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This chapter is based on interviews with middle managers in engineering who have used the father’s quota. It explores their experiences with taking leave for their career development. The concepts “availability” and “irreplaceability”, which are often applied in studies of the career logic, are here used to analyze these fathers’ experiences with childcare and work. By making themselves continuously available for their babies while home on leave the managers find themselves irreplaceable in caregiving rather than at work. They experience that being replaceable at work need not have any consequences for their career development. The chapter discusses how this might be a sign of shift in the career logic.

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Many of the Nordic countries have designed parental leave policies in ways that can promote participation of fathers in child care. Norway was the first country to introduce a father-specific leave quota in 1993. This quota is non-transferable and generously paid, and Norway has functioned as a sort of laboratory for testing such radical policies. This book is a collection of research publications from three studies conducted at various stages since the introduction of the quota. It looks at its various design characteristics and possible consequences such as take-up, framing of the leave, what fathers do when on leave, how they develop as caregivers and competent parents, how working life relates to male employees with care obligations in terms of parental leave, how fathers adapt their leave to work and how immigrant fathers relate to the laws and expectations directed to fathers in Norway. Although the chapters are based on different qualitative studies, they show changes in employed men’s fathering practices over the years and how the parental leave design may have contributed to this change.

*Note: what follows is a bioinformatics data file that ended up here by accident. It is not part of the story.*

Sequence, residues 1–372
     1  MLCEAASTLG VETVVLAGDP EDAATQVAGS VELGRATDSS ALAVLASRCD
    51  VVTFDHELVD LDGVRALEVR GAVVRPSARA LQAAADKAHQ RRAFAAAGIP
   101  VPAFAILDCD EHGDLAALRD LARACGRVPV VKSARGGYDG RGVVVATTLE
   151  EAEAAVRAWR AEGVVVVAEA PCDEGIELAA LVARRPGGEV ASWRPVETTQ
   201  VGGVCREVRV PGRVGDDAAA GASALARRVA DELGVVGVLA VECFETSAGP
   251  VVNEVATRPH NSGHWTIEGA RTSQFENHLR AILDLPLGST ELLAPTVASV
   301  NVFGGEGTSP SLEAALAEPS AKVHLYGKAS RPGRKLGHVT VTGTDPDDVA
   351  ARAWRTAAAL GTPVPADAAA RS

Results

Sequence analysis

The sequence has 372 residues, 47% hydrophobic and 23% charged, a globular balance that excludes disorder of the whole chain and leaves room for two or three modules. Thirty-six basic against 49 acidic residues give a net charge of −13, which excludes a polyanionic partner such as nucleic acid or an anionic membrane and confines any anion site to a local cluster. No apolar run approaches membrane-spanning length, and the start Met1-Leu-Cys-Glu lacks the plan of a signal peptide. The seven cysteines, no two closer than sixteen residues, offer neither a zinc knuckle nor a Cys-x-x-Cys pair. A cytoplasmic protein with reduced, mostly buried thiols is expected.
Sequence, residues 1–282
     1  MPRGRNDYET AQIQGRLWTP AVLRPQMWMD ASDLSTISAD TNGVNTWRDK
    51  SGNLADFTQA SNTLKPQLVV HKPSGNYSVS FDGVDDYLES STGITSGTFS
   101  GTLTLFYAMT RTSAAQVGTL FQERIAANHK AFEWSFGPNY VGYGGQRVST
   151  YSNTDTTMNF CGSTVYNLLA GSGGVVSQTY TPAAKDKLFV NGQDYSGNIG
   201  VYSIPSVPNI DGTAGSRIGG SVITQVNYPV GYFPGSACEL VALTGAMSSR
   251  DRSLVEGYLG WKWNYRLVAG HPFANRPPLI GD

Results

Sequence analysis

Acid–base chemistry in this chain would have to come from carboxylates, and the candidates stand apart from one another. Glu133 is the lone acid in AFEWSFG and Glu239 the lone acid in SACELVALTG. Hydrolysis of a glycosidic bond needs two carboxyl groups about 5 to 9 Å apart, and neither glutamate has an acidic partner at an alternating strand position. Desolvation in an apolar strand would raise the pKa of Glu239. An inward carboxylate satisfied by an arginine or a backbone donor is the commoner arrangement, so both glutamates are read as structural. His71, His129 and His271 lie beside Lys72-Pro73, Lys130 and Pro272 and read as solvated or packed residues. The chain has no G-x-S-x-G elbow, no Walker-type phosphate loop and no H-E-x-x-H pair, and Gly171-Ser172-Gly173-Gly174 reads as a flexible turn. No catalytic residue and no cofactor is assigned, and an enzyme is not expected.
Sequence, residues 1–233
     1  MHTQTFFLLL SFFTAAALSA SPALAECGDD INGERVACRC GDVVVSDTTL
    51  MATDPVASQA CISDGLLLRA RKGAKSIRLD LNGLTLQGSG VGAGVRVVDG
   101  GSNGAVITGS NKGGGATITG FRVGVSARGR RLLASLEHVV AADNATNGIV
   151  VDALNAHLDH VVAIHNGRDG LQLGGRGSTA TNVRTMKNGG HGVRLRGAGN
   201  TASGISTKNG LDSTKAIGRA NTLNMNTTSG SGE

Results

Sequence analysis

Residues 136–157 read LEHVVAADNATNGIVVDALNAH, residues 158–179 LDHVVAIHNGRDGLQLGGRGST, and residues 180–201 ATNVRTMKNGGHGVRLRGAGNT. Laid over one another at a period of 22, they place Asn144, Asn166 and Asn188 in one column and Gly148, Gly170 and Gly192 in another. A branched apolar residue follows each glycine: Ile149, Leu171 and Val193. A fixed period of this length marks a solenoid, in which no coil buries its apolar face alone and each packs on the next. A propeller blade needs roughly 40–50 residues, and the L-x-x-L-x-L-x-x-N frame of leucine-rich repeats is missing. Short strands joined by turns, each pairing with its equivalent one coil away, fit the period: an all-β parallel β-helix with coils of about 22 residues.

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This concluding chapter discusses the ways in which the parental leave design in terms of the father’s quota may have consequences for change in fatherhood and caregiving and thus for the wider processes of change towards a dual earner/dual carer model. It highlights change in fathers’ sense of entitlement to leave, which has made it into a norm. Aspects such as flexible use and the possibility for mothers to stay home are identified to harm the process of change towards dual caring. A focus on the content of the leave identifies further aspects of change in the father-child relation and care competence of fathers in the direction of caring masculinities. Working life’s supportive role contributes to placing a change of the ideal worker norm within sight.